Gamification in Businesses
In order to bring gamification into a business, some steps must be followed:
Understanding the Context, Comprehension of the Players and Development of Ideas are some of these. We are going to go through them, step by step, in this post.
• Understanding the problem and the context.
Through Design Thinking, interviews and observations of behavior are carried out in order to understand the user, as well as his or her way of thinking and acting in certain situations. This will enable the development of better solutions to the problem. It’s necessary to understand the business’ objectives, as well as its culture.
• Understanding who the players are.
In order to draw up a winning strategy, it’s necessary to understand people’s motivations, as well as their habits, behavioral characteristics, generation, social role, demographic characteristics and gender. This will make it possible to come up with trial and error type puzzles which are stimulating and will create situations which are analogous to the objectives in question.
• Guiding criteria and the game’s goal.
The guiding criteria are directives which guide the project so that crucial aspects of it are not neglected, such as, for example, the stimulation of cooperation between the players or the stimulation of an exchange of information between participants. The mission is the purpose of the game, which is the main objective of gamification. This stage is extremely important if the game is to be successful and appeal to all players. The guiding criteria must be consistent with the business’ objectives.
• Development of ideas for the game.
Every game has a story; the most passionate players of electronic games will know this very well. The adventure of the Mario Brothers to save the princess (Mario Bros. Nintendo), the narrative of the fights in Mortal Kombat (Midway Games), or the cybernetic hero Master Chief (Xbox, Microsoft), are some clear examples that script matters. In gamification, creating a script that is consistent with the business’ reality can be achieved by brainstorming, in order to generate a large number of ideas. It is then necessary to use analogies in order to achieve a game format, which will stimulate the participants and fulfil the business’ goals.
• Defining the game and its mechanics.
The mechanics are the center of the game and it’s where objects are defined. Objects are all of the things that can be seen or manipulated, such as characters, scoreboards or records, the activities the player must complete and the rules. Some examples of these mechanics are the points system, the rewards system, achievements, comments made by followers or participants, countdown, virtual currencies or even cash bonuses.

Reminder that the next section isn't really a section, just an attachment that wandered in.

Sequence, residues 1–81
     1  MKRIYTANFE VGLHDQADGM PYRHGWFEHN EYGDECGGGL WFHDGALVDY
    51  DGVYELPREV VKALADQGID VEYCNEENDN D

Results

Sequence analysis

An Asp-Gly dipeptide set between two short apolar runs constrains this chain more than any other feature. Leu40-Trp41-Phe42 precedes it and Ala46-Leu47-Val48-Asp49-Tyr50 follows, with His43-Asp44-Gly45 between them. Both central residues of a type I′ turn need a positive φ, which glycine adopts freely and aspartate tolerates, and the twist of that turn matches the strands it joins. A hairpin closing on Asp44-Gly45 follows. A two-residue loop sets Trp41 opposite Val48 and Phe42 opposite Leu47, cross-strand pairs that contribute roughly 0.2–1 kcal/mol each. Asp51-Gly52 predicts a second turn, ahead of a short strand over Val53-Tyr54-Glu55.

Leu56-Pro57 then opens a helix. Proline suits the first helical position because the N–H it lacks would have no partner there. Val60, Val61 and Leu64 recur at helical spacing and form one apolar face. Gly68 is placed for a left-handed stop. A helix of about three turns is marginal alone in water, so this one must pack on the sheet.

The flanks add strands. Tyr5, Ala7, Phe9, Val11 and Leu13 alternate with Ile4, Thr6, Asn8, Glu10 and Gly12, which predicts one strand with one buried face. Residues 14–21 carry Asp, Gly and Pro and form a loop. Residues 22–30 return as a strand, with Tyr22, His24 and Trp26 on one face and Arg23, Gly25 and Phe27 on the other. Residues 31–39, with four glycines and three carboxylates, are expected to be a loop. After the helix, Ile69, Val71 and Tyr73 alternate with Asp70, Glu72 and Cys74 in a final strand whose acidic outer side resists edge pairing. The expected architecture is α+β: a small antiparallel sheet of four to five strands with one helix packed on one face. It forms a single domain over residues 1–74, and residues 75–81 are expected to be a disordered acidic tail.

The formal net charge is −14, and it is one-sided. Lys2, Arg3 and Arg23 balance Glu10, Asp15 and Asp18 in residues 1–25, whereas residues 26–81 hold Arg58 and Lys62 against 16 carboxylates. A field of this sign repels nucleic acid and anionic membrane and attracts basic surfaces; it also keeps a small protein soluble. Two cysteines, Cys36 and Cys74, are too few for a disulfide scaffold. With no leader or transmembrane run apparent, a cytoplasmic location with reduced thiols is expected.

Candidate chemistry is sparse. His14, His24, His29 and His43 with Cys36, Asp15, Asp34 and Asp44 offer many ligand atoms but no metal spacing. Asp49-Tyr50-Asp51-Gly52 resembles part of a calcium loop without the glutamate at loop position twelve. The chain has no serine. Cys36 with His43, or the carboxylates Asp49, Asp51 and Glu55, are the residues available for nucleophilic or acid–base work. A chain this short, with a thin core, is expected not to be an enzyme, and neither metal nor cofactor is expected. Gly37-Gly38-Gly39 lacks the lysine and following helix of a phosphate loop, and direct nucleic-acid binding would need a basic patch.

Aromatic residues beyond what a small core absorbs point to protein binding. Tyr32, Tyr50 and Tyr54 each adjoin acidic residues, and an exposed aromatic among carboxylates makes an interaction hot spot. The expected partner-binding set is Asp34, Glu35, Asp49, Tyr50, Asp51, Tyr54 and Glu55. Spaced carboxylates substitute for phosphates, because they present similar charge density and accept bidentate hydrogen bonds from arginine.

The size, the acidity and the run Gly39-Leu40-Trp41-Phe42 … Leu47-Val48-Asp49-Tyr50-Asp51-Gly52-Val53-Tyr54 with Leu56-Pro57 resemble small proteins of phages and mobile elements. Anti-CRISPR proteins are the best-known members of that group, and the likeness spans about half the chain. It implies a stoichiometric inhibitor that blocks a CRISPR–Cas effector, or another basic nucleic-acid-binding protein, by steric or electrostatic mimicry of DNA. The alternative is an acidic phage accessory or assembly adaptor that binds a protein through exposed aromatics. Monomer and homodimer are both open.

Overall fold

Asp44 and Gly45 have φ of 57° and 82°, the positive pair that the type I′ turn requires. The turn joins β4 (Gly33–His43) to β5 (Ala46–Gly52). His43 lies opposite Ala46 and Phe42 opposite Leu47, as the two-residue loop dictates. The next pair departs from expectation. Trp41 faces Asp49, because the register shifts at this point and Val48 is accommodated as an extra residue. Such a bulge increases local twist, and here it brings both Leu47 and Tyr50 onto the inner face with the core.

In the mechanics, the duration of the game and the frequency of interaction are defined – always in accordance with the profile of the players and the context. You can see more details of these definitions in the book Gamification.
• Test in low, medium and/or high fidelity.
After all that, you reach the moment of testing the game in order to know if it is responding in accordance with the planning stage. One way of testing this is through Design Thinking, by prototyping. A prototype is any materialization of an idea that enables the learning process. Through this tool, the game’s creation team learns more about it by simulating concepts and actions along with future users, a process which naturally leads to further input, thereby perfecting what was proposed.
• Implementation and Monitoring
After the implementation of the game, it’s necessary to have constant management and to assess the possibility of carrying out modifications. This is why it’s important to have well-established methods of evaluating the players’ actions, motivation and engagement.
• Measurement and Evaluation
It’s important to verify the level of engagement generated, the average number of actions undertaken, how much players return to the game and the progress achieved by participants. Information about the time taken on the activity and what was the retention of players in the game is also necessary. As for the RO obtained, it’s possible to check the number of active participants, the rate of increase in productivity and the rate of cost reduction achieved.
One question that must be answered is “what could go wrong?”. In the process of implementing gamification, some factors can get in the way of the project’s progress, such as not being properly aligned with the business objectives or culture.
A lack of engagement by participants (in the short, medium or long-term) and a lack of commitment by managers are some examples of possible problems observed in the past.
To help you reflect